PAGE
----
If you want to make sure all the guitars stay together, you could organize treemaps by instrument instead of by song. Each block in the guitar treemap could represent the percentage of guitar notes for a given song. You could also size the treemap for each instrument differently so that instruments with more total notes had bigger treemaps than instruments with fewer total notes. But you would still need to arrange all the separate treemaps on a grid or some other pattern of points.

    OR you could have a two-level treemap where inner song blocks form into each instrument block and the total notes per instrument are used to form a master treemap of instruments.

    I'm not sure what would happen if you tried to put all the treemaps "on top of each other" (with reduced alpha colors), but I suspect you would get a big mess. The nice thing about Nodebox is that it would be fairly easy to try it and see what happens.

    Another route would be to try to make a more curated infographic where the guitar data is shaped like a big guitar or something and the poster looks like an oddly proportioned orchestra. Things like that are pretty much impossible to do entirely by algorithm. You would need a combination of computer to make the pieces and human being to do the final arrangements. I've done a few things like this in Nodebox and there are ways to make it easier.

    But you have to have a coherent vision of exactly what it is you are trying to convey. Your dimensions are instrument and song and your measurement is notes per instrument per song (or song per instrument). There a few different ways to pivot that data. You can use shape and size and color and position (to some extent) to communicate that data. Some designs will make it easier to compare songs while others will make it easier to compare instruments; trying to do both at once is harder and risks confusing your audience.

    If the going gets tough, you may want to think outside the box and throw out treemaps altogether. Maybe represent each note as a tiny guitar or tiny flute or whatever and place them like notes on a staff with maybe one long staff per song. OR think about what you could do with animation. OR (insert some even crazier idea here).

    Who is your audience? What question are you trying to answer for them?

    Use Nodebox to play. Make instrument treemaps, song treemaps, instrument-song two-level treemaps, song-instrument two-level treemaps, then put them in girds, put them on top of each other, play with size and position of each treemap, adjust color schemes and get a better idea for what works and what doesn't. If you come up with a very precise definition of "in the same position" but can't figure out how to do it, take your best shot then zip up your ndbx file and your CSVs and attach it to this thread so I can try playing with it myself.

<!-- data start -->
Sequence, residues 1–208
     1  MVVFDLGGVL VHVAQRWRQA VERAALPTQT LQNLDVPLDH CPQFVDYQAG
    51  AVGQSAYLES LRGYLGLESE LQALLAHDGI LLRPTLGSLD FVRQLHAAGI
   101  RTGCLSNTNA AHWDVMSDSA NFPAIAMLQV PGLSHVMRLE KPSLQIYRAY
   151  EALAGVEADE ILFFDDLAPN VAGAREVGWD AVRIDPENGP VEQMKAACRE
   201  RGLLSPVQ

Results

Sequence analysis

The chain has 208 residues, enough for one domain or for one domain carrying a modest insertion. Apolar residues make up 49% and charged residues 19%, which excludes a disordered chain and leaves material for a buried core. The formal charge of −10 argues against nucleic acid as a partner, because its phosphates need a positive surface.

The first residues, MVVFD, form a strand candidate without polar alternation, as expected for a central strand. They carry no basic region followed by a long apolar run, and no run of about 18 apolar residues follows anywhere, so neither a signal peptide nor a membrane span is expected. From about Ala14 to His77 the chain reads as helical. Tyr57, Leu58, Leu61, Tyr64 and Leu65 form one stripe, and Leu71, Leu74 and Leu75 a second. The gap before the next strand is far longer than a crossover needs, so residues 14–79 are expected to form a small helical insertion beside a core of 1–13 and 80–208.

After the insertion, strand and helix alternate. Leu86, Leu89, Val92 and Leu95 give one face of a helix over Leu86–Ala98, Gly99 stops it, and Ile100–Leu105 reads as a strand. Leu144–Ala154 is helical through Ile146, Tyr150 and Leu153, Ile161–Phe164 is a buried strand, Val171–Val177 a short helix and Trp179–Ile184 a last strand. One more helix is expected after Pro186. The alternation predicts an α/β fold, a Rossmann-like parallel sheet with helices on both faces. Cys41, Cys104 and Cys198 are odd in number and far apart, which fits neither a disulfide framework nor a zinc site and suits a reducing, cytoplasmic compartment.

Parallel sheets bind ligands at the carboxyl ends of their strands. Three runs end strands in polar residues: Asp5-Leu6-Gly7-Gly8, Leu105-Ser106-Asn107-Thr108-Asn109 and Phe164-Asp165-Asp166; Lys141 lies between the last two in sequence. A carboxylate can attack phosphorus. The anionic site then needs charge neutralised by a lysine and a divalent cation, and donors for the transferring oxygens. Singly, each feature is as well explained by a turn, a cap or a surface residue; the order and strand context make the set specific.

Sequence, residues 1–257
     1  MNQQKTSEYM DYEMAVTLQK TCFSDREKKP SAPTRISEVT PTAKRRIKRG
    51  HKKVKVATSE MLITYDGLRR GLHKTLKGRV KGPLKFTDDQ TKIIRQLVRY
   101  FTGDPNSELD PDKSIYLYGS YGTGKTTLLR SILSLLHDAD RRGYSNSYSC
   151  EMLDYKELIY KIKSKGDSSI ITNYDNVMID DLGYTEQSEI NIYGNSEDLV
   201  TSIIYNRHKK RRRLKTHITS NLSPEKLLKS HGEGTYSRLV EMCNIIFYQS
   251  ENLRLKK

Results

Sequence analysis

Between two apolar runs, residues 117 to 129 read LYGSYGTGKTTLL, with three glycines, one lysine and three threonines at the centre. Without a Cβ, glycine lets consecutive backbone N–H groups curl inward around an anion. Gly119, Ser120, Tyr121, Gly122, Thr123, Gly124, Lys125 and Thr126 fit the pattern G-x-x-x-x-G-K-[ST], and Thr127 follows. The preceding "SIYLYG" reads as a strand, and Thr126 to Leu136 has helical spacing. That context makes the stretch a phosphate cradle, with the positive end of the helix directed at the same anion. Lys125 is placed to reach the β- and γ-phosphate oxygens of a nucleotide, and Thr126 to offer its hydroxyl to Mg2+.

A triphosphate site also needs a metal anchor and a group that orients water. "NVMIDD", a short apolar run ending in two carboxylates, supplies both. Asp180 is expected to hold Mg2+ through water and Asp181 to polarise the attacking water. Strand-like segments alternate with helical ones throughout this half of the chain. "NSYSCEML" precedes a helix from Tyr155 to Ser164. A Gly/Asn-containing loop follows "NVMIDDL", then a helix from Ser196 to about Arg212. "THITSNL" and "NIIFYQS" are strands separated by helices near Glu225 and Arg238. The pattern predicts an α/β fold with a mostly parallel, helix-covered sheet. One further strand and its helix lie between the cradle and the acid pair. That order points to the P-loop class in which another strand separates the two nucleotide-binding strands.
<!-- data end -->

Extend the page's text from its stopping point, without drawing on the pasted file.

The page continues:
Does any of that help?


  6. 6 Posted by Jennifer Concan... on 07 Jun, 2022 12:34 PM

    Jennifer Concannon's Avatar

    Hi John,
    This should clarify what I'm trying to do. I'm fascinated with Nicholas
    Rougeaux's work; he's the one who got me started on NB because of his Off
    the Staff visualizations of music. That's the inspiration for the GreenBay
    Packers picture I sent you previously.

    As I look more closely at how he made the proportion art, it's clear that
    the rectangles are not always in the same location, but it appears that he
    tried to keep them in the same place as much as possible.

    I made a quick treemap using RAWGraph and then tried importing the jpeg
    into NB using your image node and seeing if alpha could be adjusted. that
    didn't work so well. BTW, the image node doesn't alert that you need a PY
    file. I discovered it in the library while trying to figure out why it
    wasn't working.

    I'm going to keep chugging and see what I can figure out, as that is part
    of the fun.

  7. Support Staff 7 Posted by john on 08 Jun, 2022 12:40 AM

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    Ah! Now I see what you mean.

    Nick Rougeux is a premier visualization artist and Nodebox booster and has been a frequent contributor to this forum. His work is always interesting and beautiful.

    And good news: your request is easy to do with just a minor tweak.

    My treemap node is actually a subnetwork which automatically sorts the value list before feeding it to the external treemap code because this is what most people usually want. But in this case we want to leave the values in their original order.

    See attached demo and screenshot. I superimpose two treemaps generated from ten random numbers with two different seed values. This can stand in for two songs each with ten instruments.

    My demo includes a modified version of the treemap node that leaves the value list as is. This means the values for each treemap will always be arranged in top to bottom, left to right order. As long as the instruments for each song are always listed in the same order, they will appear in approximately the same position for each treemap.